$$p(\theta \vert x) = {{p(x,\theta)\pi (\theta)} \over {p(x)}},$$

where p(x) is the probability distribution of data x. Then, from Eq. (50) one can deduce that for each data point x the Bayes estimate is any value of θ that maximizes the conditional probability p(θ∣x). The density p(θx) is also called the a posteriori probability density of parameter θ and the estimator that maximizes p(θx) is called the maximum a posteriori (MAP) estimator. It is denoted by \({{\hat \theta}_{{\rm{MAP}}}}\). We find that the MAP estimators are solutions of the following equation

$${{\partial \log p(x,\theta)} \over {\partial \theta}} = - {{\partial \log \pi (\theta)} \over {\partial \theta}},$$

which is called the MAP equation.

3.3.3 Maximum likelihood estimation

Often we do not know the a priori probability density of a given parameter and we simply assign to it a uniform probability. In such a case maximization of the a posteriori probability is equivalent to maximization of the probability density p(x, θ) treated as a function of θ. We call the function l(θ, x) ≔ p(x, θ) the likelihood function and the value of the parameter θ that maximizes l(θ, x) the maximum likelihood (ML) estimator. Instead of the function l we can use the function Λ(θ, x) = l(θ, x)/p(x) (assuming that p(x) > 0). Λ is then equivalent to the likelihood ratio [see Eq. (37)] when the parameters of the signal are known. Then the ML estimators are obtained by solving the equation

$${{\partial \log \Lambda (\theta, x)} \over {\partial \theta}} = 0,$$

which is called the ML equation.

3.4 Fisher information and Cramèr-Rao bound

It is important to know how good our estimators are. We would like our estimator to have as small a variance as possible. There is a useful lower bound on variances of the parameter estimators called the Cramèr-Rao bound, which is expressed in terms of the Fisher information matrix Γ(θ) For the signal h(t; θ), which depends on K parameters collected into the vector θ = (θ1,…, θk), the components of the matrix Γ(θ) are defined as

$$\Gamma {(\theta)_{ij}}: = {\rm{E}}\left[ {{{\partial \log \Lambda [x;\theta ]} \over {\partial {\theta _i}}}{{\partial \log \Lambda [x;\theta ]} \over {\partial {\theta _j}}}} \right] = - {\rm{E}}\left[ {{{{\partial ^2}\log \Lambda [x;\theta ]} \over {\partial {\theta _i}\partial {\theta _j}}}} \right],\,i,j = 1, \ldots, K.$$

The Cramèr-Rao bound states that for unbiased estimators the covariance matrix C(θ) of the estimators θ fulfills the inequality

$${\rm{C}}(\theta) \geq\Gamma {(\theta)^{- 1}}.$$

(The inequality A ≥ B for matrices means that the matrix A − B is nonnegative definite.)

A very important property of the ML estimators is that asymptotically (i.e., for a signal-to-noise ratio tending to infinity) they are (i) unbiased, and (ii) they have a Gaussian distribution with covariance matrix equal to the inverse of the Fisher information matrix.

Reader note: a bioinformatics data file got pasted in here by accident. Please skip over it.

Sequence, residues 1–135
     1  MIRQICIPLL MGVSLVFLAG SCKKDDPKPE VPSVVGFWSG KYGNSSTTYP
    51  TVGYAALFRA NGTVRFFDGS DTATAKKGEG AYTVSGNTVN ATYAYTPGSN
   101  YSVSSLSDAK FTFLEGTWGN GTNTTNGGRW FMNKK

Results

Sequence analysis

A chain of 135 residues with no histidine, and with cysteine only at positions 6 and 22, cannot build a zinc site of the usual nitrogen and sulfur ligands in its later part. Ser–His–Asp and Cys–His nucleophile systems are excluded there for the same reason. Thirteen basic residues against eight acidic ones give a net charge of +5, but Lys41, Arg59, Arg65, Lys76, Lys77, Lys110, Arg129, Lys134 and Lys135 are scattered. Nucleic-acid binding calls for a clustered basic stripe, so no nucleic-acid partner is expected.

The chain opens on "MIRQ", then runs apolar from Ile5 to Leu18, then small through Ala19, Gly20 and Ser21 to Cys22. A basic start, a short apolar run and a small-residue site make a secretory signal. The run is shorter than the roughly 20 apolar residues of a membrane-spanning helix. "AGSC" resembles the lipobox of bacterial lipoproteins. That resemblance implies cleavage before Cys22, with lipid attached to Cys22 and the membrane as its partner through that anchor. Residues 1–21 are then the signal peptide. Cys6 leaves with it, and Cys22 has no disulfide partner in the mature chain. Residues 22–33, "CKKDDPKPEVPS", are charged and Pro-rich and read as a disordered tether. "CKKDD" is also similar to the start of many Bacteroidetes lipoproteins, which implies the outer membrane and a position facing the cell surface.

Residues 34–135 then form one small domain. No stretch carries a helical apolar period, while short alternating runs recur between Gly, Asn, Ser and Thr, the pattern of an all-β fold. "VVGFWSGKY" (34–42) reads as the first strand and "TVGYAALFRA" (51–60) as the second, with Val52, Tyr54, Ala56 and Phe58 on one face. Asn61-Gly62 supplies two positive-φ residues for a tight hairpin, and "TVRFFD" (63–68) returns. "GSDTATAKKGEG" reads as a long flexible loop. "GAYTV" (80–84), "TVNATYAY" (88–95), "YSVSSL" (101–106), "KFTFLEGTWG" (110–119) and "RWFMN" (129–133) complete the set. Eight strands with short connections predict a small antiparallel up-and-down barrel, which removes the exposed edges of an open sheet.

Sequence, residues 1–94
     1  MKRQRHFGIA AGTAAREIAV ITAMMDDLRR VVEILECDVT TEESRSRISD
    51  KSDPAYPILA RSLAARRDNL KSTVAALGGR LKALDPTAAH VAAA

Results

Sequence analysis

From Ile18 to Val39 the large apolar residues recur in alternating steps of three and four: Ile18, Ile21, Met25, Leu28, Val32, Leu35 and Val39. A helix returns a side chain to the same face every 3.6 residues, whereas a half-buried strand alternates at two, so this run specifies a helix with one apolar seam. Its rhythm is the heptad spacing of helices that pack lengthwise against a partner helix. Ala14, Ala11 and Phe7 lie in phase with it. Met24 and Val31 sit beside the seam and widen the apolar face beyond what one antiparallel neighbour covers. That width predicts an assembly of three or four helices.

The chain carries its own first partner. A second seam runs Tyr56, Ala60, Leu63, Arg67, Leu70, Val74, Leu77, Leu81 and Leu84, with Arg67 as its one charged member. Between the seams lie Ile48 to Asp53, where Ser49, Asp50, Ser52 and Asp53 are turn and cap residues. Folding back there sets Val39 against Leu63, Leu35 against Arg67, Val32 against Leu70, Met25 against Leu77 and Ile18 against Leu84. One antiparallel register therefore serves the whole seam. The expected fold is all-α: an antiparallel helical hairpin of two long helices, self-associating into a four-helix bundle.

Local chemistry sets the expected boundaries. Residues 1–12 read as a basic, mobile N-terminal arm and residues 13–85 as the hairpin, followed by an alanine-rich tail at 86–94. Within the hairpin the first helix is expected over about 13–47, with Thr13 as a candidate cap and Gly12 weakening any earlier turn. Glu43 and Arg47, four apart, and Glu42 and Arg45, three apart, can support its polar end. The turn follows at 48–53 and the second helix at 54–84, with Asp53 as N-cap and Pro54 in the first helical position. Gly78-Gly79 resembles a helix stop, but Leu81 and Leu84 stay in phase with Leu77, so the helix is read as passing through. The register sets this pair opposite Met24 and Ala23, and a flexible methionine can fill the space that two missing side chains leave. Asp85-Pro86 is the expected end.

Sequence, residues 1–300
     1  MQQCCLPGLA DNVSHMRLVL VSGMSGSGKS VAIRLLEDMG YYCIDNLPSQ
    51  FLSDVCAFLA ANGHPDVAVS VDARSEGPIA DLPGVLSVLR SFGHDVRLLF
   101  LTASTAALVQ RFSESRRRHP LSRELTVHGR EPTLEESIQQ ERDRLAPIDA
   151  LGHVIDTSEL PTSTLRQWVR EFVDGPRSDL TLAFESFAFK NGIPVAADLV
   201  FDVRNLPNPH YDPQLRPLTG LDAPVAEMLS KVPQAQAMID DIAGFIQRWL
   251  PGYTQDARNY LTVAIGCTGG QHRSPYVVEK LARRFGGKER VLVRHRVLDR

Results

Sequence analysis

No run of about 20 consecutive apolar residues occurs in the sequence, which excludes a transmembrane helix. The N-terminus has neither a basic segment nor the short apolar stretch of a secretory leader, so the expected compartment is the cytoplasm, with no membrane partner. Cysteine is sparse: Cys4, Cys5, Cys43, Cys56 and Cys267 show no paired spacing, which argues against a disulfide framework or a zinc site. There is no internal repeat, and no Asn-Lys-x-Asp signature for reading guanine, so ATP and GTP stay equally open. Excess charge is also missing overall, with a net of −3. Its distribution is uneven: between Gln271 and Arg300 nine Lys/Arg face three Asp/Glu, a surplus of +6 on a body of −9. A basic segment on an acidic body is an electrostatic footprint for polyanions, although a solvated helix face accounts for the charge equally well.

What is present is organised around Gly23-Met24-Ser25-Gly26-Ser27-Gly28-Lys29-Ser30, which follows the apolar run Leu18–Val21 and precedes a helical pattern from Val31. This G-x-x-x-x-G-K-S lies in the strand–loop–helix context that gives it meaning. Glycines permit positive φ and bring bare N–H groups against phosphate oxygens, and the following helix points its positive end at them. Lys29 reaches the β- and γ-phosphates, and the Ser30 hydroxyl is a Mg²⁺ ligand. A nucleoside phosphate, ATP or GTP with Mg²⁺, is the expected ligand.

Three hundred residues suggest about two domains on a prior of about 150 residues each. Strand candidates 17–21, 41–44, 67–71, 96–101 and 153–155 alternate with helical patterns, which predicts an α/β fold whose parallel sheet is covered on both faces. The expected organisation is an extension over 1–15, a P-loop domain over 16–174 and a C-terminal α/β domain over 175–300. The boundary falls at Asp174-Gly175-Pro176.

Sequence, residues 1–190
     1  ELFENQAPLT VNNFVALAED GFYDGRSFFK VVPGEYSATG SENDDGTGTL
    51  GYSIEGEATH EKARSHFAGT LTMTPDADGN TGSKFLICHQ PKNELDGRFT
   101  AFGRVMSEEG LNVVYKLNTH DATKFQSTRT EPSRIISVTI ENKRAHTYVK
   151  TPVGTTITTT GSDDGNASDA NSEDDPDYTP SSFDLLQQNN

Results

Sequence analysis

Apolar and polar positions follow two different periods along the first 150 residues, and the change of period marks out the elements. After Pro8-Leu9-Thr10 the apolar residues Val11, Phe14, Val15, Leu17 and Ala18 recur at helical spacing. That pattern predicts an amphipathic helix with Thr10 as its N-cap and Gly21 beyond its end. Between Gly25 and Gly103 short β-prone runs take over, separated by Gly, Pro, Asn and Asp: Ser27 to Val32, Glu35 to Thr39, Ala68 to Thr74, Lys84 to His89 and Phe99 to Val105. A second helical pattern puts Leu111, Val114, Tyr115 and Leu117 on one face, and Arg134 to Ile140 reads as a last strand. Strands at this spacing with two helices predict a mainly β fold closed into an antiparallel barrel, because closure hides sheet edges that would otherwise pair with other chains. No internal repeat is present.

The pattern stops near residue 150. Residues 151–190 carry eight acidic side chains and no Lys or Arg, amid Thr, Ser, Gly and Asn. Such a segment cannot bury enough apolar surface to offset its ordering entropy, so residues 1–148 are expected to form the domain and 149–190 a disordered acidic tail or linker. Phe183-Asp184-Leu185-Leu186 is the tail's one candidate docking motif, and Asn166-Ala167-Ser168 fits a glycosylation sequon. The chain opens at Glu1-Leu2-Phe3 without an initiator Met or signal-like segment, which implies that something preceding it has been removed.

In the case of Gaussian noise the components of the Fisher matrix are given by

$$\Gamma {(\theta)_{ij}} = \left({\left. {{{\partial h(t;\theta)} \over {\partial {\theta _i}}}} \right\vert {{\partial h(t;\theta)} \over {\partial {\theta _j}}}} \right),\,i,j = 1, \ldots, K,$$

where the scalar product (·∣·) is defined in Eq. (45).

4 Maximum-likelihood Detection in Gaussian Noise

In this section, we study the detection of a deterministic gravitational-wave signal h(t; θ) of the general form given by Eq. (32) and the estimation of its parameters θ using the maximum-likelihood (ML) principle. We assume that the noise n(t) in the detector is a zero-mean, Gaussian, and stationary random process. The data x in the detector, in the case when the gravitational-wave signal h(t; θ) is present, is x(t; θ) = n(t) + h(t; θ). The parameters θ = (a, ξ) of the signal (32) split into extrinsic (or amplitude) parameters a and intrinsic ones ξ.

4.1 The \({\mathcal F}\)-statistic

For the gravitational-wave signal h(t; a, ξ) of the form given in Eq. (32) the log likelihood function (46) can be written as

$$\log \Lambda [x;{\rm{a}},\xi ] = {{\rm{a}}^{\rm{T}}} \cdot {\rm{N}}[x;\xi ] - {1 \over 2}{{\rm{a}}^{\rm{T}}} \cdot {\rm{M(}}\xi) \cdot {\rm{a,}}$$

where the components of the column n × 1 matrix N and the square n × n matrix M are given by

$${N_k}[x;\xi ]: = (x\vert {h_k}(t;\xi)),\,{M_{kl}}(\xi): = ({h_k}(t;\xi)\vert {h_l}(t;\xi)),\,k,l = 1, \ldots, n.$$

The ML equations for the extrinsic parameters a, logΛ[x; a, ξ]/a = 0, can be solved explicitly to show that the ML estimators â of the parameters a are given by

$${\rm{\hat a}}[x;\xi ] = {\rm{M}}{(\xi)^{- 1}} \cdot {\rm{N}}[x;\xi ].$$

Replacing the extrinsic parameters a in Eq. (59) by their ML estimators â, we obtain the reduced log likelihood function,

$${\mathcal F}[x;\xi ]: = \log \Lambda [x;{\rm{\hat a}}[x;\xi ],\xi ] = {1 \over 2}{\rm N}{[x;\xi ]^{\rm{T}}} \cdot {\rm{M}}{(\xi)^{- 1}} \cdot {\rm{N}}[x;\xi ],$$

that we call the \({\mathcal F}\)-statistic. The \({\mathcal F}\)-statistic depends nonlinearly on the intrinsic parameters ξ of the signal, it does not depend on the extrinsic parameters a.

The procedure to detect the gravitational-wave signal of the form (32) and estimate its parameters consists of two parts. The first part is to find the (local) maxima of the \({\mathcal F}\)-statistic (62) in the intrinsic parameters space. The ML estimators \({\hat \xi}\) of the intrinsic parameters ξ are those values of ξ for which the \({\mathcal F}\)-statistic attains a maximum. The second part is to calculate the estimators â of the extrinsic parameters a from the analytic formula (61), where the matrix M and the correlations N are calculated for the parameters ξ replaced by their ML estimators \({\hat \xi}\) obtained from the first part of the analysis. We call this procedure the maximum likelihood detection. See Section 4.6 for a discussion of the algorithms to find the (local) maxima of the \({\mathcal F}\)-statistic.